By Mark Anderson
Some say that artificial meats like the substitute manufactured by Impossible Foods for Burger King’s “impossible whopper” should not cause concern and that consuming them is by-and-large safe. Others, however, warn that the heavy soy content in the “veggie matter” that comprises the impossible whopper contains a whopping amount of the female hormone estrogen—which consumed in large quantities can make men grow “man boobs.”
This food fight over the impossible whopper became nationally apparent just before the new year when, on Dec. 26, 2019, The Washington Post criticized South Dakota veterinarian James Stangle, accusing him of bias in his recent article in the pro-beef industry trade journal Tri-State Livestock News, “Impossible burgers are made of what?” Stangle asserts that, all things considered, the substitute meat is a risky option for human health, especially men’s health, and that even the regular whopper’s “hormone implanted beef” is a better choice.
Specifically, Stangle wrote: “The impossible whopper patty is made from 24 ingredients. The most important ingredient is soy protein. The whopper patty contains just one ingredient. That would be beef. . . . Let’s compare the estrogen hormone in an impossible whopper to the whopper made from hormone-implanted beef. The impossible whopper has 44 mg. of estrogen and the whopper has 2.5 ng. of estrogen. Now let me refresh your metric system. There are 1 million nanograms (ng) in one milligram (mg). That means an impossible whopper has 18 million times as much estrogen as a regular whopper. Just six glasses of soymilk per day has enough estrogen to grow breasts on a male. That’s the equivalent of eating four impossible whoppers per day. You would have to eat 880 pounds of beef from an implanted steer to equal the amount of estrogen in one birth control pill.”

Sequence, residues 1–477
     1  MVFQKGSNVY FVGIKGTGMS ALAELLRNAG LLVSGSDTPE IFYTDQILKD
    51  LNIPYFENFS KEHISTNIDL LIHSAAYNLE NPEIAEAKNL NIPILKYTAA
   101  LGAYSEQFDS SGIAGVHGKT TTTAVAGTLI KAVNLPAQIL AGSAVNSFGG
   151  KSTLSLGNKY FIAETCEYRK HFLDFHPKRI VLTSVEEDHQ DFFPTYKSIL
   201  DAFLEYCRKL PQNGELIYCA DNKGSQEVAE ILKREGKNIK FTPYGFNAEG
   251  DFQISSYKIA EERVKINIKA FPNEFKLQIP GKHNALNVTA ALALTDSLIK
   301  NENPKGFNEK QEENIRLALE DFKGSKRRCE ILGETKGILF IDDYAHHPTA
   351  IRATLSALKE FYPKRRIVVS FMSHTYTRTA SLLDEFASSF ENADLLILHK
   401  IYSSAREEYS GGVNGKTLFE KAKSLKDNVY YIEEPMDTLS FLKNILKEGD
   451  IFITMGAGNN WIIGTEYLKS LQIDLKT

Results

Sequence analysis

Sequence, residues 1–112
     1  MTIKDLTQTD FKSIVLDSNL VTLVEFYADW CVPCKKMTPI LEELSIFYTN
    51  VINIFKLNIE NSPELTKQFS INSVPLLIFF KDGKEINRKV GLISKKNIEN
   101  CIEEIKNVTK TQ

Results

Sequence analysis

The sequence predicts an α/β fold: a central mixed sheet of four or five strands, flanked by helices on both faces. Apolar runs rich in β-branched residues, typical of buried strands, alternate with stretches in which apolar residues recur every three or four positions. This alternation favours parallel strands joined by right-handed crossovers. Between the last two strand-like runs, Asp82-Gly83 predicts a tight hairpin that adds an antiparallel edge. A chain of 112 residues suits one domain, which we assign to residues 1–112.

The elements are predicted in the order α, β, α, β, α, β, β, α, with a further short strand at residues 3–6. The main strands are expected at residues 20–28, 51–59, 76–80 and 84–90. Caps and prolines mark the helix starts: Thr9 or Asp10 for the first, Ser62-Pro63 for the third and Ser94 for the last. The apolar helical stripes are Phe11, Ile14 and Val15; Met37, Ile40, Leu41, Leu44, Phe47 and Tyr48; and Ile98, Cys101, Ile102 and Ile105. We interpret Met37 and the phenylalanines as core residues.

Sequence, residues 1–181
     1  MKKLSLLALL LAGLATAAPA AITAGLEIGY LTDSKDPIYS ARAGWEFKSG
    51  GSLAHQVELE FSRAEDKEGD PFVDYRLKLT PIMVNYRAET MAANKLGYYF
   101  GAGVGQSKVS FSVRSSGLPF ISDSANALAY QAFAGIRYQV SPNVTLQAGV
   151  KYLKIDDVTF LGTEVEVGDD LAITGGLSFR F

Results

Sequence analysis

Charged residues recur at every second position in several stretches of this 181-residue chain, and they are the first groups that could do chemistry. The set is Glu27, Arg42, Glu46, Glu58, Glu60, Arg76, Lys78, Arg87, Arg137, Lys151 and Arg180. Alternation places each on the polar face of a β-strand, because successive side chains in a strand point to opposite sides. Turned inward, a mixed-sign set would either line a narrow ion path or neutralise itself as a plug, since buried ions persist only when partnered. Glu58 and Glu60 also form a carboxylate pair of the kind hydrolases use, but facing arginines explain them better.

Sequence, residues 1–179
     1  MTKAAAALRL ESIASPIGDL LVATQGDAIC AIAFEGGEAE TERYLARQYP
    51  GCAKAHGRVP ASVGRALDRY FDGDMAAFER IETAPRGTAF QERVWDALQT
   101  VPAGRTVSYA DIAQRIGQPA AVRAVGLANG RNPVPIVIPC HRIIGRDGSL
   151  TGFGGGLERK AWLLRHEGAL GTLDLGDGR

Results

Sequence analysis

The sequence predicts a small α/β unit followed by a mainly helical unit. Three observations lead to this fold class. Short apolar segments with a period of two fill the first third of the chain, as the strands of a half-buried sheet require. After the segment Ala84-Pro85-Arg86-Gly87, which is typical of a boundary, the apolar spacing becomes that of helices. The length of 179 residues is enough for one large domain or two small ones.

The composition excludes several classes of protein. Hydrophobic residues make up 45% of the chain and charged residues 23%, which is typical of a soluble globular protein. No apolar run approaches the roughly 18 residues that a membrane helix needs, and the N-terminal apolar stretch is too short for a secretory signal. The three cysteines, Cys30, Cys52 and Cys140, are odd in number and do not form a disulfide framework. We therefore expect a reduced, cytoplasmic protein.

The Post—acting as if it has no bias of its own despite its heavy corporatist-globalist leanings—pooh-poohed Stangle’s views while portraying the issue as a stalemate.
“Whether [soy] is good, bad, or indifferent depends entirely on who you read and what you read,” New York University nutrition professor Marion Nestle was quoted as saying by the Post.
“There is an enormous . . . amount of literature on soy estrogens, and it comes to sort of baffling conclusions. Some studies show harm, some studies show benefits.”
Nestle then suggested looking to cultures that have historically consumed soy products.
“Asians have been eating soy products for millennia and don’t seem to be any the worse for it. They have among the longest lifespans and best health, at least in classic diets,” she told the Post. “There is a special concern about . . . men and boys who eat soy products, but . . . they don’t grow breasts.”
But Weston A. Price Foundation President Sally Fallon Morell strongly disagrees. Noting the foundation’s considerable soy research, she explained: “Soy has 10 times more estrogen than the next-highest legume, which is peas. Asians have eaten soy for 1,000 years but not in large amounts. Traditionally, it’s been a condiment—two tablespoons for the Japanese and two teaspoons for the Chinese, and that’s in the context of a high-iodine diet that mitigated the thyroid-destroying effects of soy.”
In addition, fermented soy products are safer for human consumption that non-fermented soy products. Soy sauce is a fermented soy product.
While noting that Stangle’s estimate of 44 mg of soy in the impossible burger appears to be correct, she recalled a case where Illinois prisoners were fed a high-soy diet from 2003 to 2019 and many of the men developed breasts. “They called it chemical castration. A lot of them developed thyroid problems and horrible digestive problems,” she said, adding that the process of fermenting soy gets rid of digestive toxins but not estrogen.
And while soy sales have been slumping, she said, the impossible burger may be an attempt to juice up sales. The problem, though, is that the oddball Burger King offering is another means of getting people to consume what would otherwise be thrown away as a waste product, much like fluoride in public water.
“Soy protein isolate is a waste product from the soy oil industry and that’s what became the impossible burger,” Fallon Morell added. “Back in the 1970s, they figured out how to extract protein from the sludge that remains after they’ve pressed the oil out of the soybeans. The toxins are still there. [The products made from this] started with bacon bits, then fake sausages, and onward to a more real-looking burger.”
Mark Anderson is AFP’s roving editor. Email him at [email protected].